February 7, 2008A joint effort between University of Houston administrators, Faculty Senate and deans has led to the first-ever Provost’s Faculty Travel Fund.
The program provides stipends of up to $750 each for tenured and tenure-track faculty members
who present research or creative work at various venues such as regular or annual meetings of a national or international professional society.
Stipends pay for travel expenses, including registration fees, transportation, hotel accommodations and meals. Money is available to award at least 200 stipends for fiscal year 2008, which ends Aug. 31. For application and guidelines, visit http://www.uh.edu/provost/grants/ fac_travel_fund.html#factravguidelines.
The program’s goals are to support productive faculty and to increase the number of presentations of high-quality, peer-reviewed scholarship and creative work at national and international meetings, said Don Foss, senior vice president for academic affairs and provost.
“I am delighted that we are able to begin this program,” Foss said. “It will give our faculty additional opportunities to present their work and, therefore, to have an impact in their disciplines. I’d like to acknowledge the helpful input from Faculty Senate, particularly its immediate past president, Joe Kotarba, and from college deans. They have helped shape the outlines of this program.”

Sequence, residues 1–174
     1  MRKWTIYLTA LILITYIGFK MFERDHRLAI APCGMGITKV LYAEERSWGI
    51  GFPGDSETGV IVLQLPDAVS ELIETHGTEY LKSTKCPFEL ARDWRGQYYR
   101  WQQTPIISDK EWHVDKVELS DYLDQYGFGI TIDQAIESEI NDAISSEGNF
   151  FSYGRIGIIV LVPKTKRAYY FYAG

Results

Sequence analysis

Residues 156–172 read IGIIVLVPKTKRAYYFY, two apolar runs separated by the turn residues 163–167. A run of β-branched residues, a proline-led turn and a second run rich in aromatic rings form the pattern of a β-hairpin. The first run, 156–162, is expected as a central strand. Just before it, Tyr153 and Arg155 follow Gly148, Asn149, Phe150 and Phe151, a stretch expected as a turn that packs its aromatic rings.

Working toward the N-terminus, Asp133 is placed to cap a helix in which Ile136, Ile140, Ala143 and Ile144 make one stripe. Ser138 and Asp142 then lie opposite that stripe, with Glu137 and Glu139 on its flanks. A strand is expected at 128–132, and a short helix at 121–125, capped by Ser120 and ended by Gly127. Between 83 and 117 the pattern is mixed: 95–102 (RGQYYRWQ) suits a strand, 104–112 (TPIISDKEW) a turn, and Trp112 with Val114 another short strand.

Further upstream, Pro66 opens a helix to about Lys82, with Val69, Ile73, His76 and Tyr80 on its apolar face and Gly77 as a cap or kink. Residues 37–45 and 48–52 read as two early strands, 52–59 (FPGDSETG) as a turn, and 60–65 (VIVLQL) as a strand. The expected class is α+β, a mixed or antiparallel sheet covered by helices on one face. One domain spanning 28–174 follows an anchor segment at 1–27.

Prior to the program’s launch, faculty members funded travel one of three ways: with their own grant money, through limited departmental travel funds or at their own expense, Kotarba said.
Kotarba first presented the idea of a university-sponsored travel program during his inaugural address as Faculty Senate president last January. Throughout the year, Kotarba focused on the idea as a way to accomplish his presidential goal of enhancing the professor’s role.
“Professional travel is an integral feature of the role of the professor,” Kotarba said. “Attendance at annual meetings of professional organizations, for example, allows faculty to talk to a wide range of publishers’ representatives to help grow an idea for a book or to generate grant proposals with other scholars.”
After discussing the idea with administrators, Kotarba submitted a proposal to John Rudley, who was then the interim UH president, and Foss.
“The proposal evolved through my work with the Faculty Senate Executive and Faculty Affairs committees and Mark Clarke, chair of the Faculty Affairs Committee,” Kotarba said. “Dr. Foss was enthusiastic about the proposal, but cautious because of the issues we would have to address such as the award amount. I credit Dr. Foss for not only taking our idea, but also for gaining feedback and acceptance from campus groups such as the Deans’ Council.”